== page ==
As the tethered IDRs remain disordered in fuzzy PU.1 dimers with and without DNA, their formation is therefore unrelated to paradigms such as induced fit, conformational selection, or fly-casting mechanisms that involve order-disorder transitions by the IDRs (42, 43). Instead, the charged intrinsic disorder in PU.1 is involved in through-space electrostatic interactions. In the absence of the N-terminal IDR, dimerization of the highly cationic ETS domain (ΔN165) is favored by low salt. Conformational destabilization of the resultant dimer under these conditions suggests an electrostatic penalty arising from charge-charge repulsion of the DBDs. The stimulatory effect of the negatively charged IDR on the DNA-free dimer, therefore, arises from attenuation of this repulsive penalty of association. A nonstructurally specific basis is borne out by the similarly favorable effects of reinforcing negative charges via phosphomimetic substitutions in ΔN117 as anionic crowders on ΔN165. As phosphoserines confer higher charge density (~−1.5) than carboxylates, phosphorylation is expected to exert an even greater effect than the phosphomimetic substitutions. Notably, despite its nominal designation as a proteasome-recruiting signal, the PEST domain does not target PU.1 for metabolic turnover, but it is associated with a local role in dimerization and protein-protein partnerships such as with the lymphoid-specific factor IRF4 (44).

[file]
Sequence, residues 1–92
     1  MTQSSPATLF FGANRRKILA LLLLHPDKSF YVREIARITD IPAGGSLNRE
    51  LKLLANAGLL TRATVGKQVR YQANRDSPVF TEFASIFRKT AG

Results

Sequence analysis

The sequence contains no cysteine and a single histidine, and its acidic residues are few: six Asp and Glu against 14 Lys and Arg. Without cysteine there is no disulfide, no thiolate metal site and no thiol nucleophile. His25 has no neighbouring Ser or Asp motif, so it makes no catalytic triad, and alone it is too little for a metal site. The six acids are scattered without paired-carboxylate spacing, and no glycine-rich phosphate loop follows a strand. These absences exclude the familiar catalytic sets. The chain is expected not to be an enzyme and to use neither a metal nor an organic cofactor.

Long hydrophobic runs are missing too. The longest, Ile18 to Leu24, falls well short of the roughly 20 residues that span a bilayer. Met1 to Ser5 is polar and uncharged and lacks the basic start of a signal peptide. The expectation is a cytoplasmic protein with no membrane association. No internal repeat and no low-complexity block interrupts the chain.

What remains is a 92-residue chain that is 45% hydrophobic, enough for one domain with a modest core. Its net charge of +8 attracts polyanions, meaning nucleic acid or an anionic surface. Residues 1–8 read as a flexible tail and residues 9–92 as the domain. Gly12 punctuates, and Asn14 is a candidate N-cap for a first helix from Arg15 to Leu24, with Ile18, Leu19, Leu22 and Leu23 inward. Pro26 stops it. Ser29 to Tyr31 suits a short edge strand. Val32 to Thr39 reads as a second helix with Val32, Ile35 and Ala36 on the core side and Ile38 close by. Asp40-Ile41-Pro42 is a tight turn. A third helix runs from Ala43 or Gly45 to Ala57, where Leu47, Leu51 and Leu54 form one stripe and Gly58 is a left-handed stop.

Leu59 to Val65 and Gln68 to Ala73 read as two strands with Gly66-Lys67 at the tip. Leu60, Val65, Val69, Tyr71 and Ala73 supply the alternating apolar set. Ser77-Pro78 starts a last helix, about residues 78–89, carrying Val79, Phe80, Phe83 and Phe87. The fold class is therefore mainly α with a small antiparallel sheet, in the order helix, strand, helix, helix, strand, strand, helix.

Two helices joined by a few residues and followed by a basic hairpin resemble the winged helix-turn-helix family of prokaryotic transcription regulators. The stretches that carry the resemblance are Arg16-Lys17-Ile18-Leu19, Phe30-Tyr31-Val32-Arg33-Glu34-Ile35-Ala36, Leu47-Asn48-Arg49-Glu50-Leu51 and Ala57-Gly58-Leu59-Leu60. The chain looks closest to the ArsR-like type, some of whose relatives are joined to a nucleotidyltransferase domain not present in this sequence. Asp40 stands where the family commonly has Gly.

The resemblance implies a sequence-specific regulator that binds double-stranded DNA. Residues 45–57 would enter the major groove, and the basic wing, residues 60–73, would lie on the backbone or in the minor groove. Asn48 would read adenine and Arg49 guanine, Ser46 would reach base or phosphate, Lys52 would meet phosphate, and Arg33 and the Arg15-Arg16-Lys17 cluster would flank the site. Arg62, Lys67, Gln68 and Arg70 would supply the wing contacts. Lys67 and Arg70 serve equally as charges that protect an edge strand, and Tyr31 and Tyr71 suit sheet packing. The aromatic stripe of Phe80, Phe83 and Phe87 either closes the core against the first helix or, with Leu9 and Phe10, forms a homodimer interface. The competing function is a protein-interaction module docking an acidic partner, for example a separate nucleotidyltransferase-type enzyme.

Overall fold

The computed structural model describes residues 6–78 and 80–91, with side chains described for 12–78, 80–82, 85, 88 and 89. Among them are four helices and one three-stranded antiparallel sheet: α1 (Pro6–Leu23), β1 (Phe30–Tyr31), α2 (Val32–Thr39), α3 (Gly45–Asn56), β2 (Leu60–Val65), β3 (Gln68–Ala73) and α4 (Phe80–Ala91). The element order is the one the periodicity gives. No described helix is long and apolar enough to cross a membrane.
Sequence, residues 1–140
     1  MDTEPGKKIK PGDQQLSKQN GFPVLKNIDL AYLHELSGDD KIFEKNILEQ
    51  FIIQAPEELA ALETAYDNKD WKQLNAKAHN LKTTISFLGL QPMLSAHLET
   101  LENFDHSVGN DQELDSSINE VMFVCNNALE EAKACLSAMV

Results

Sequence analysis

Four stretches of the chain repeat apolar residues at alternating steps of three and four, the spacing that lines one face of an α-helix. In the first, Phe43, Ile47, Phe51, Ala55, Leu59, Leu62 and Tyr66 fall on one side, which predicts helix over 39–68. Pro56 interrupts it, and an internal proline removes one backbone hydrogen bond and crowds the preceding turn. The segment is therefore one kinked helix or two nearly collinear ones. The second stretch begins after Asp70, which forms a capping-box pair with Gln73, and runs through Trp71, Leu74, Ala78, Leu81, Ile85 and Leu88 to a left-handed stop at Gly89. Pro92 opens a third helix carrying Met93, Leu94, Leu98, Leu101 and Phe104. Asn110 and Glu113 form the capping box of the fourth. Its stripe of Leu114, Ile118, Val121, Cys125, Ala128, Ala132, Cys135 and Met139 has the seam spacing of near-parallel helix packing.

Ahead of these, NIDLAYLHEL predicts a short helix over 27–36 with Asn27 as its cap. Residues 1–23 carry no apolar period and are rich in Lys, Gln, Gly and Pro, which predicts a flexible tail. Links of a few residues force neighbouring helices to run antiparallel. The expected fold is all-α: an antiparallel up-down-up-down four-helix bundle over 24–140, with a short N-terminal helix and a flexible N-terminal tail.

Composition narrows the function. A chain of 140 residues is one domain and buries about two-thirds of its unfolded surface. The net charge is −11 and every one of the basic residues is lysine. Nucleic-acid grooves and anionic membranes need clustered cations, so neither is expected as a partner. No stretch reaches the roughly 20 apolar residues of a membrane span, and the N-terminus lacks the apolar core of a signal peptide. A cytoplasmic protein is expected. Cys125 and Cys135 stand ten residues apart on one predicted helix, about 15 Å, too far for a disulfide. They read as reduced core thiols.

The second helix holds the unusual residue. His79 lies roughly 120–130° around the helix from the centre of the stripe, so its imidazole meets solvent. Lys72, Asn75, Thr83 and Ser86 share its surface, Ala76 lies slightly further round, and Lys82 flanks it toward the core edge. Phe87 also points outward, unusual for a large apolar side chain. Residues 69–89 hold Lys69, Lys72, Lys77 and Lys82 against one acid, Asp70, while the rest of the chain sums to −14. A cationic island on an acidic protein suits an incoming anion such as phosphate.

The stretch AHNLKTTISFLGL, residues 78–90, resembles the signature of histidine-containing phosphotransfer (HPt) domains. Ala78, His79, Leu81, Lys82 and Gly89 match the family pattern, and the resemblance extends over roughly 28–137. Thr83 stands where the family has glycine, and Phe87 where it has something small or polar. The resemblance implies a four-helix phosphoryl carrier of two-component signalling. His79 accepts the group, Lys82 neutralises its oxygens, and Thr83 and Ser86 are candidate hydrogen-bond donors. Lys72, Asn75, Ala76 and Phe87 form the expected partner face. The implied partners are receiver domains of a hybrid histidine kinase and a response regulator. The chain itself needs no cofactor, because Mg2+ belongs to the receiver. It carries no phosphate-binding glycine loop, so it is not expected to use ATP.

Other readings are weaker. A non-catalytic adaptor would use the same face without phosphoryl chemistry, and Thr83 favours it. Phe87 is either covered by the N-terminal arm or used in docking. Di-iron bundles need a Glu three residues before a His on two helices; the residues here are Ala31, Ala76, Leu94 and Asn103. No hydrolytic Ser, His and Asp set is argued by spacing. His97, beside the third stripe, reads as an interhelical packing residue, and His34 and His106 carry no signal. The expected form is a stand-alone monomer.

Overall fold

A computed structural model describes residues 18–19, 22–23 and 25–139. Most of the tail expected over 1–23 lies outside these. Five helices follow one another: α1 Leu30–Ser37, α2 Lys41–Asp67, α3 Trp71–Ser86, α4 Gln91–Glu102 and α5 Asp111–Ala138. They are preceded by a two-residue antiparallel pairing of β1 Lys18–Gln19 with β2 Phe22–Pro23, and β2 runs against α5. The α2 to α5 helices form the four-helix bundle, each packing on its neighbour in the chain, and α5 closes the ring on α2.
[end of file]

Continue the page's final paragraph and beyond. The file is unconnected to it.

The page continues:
The properties of the flanking IDRs on DNA binding as revealed in this study highlight the divergent roles played by intrinsic disorder within the ETS transcription factor family, which is united by eponymous, their structurally homologous DBDs. Many ETS members are controlled by autoinhibition, a mechanism that specifically involves short flanking helices in the unbound state that unfolds and disrupts DNA binding allosterically or at the DNA contact interface (45). High-affinity binding to native promoters requires coactivators or homodimerization at tandem sites to displace autoinhibitory helices, forming with positive cooperativity 2:2 complexes (46). The regulatory strategy is activation through recruitment by other coactivators. In Ets-1, the paradigm autoinhibited ETS member, disordered elements in the serine-rich region (SRR) domain upstream of the autoinhibitory helices further modulate the regulatory potency of the autoinhibitory helices. Progressive phosphorylation of the SRR domain reinforces autoinhibition (47). PU.1, and likely its proximal ETS relatives, upends this paradigm. Lacking autoinhibitory domains, high-affinity DNA binding is the default behavior. The disordered elements flanking its structured ETS domain regulate DNA binding by modifying negative feedback. PU.1 is the recruiter in protein-protein partnerships such as IRF4 (44). Phosphorylation of the disordered PEST domain promotes the persistence of the active 1:1 complex and has been established as broadly stimulatory (30, 31, 37, 39). These contrasting features help frame in molecular and functional terms the evolutionary divergence in the ETS family, one of the most ancient families of transcription regulators in metazoan evolution.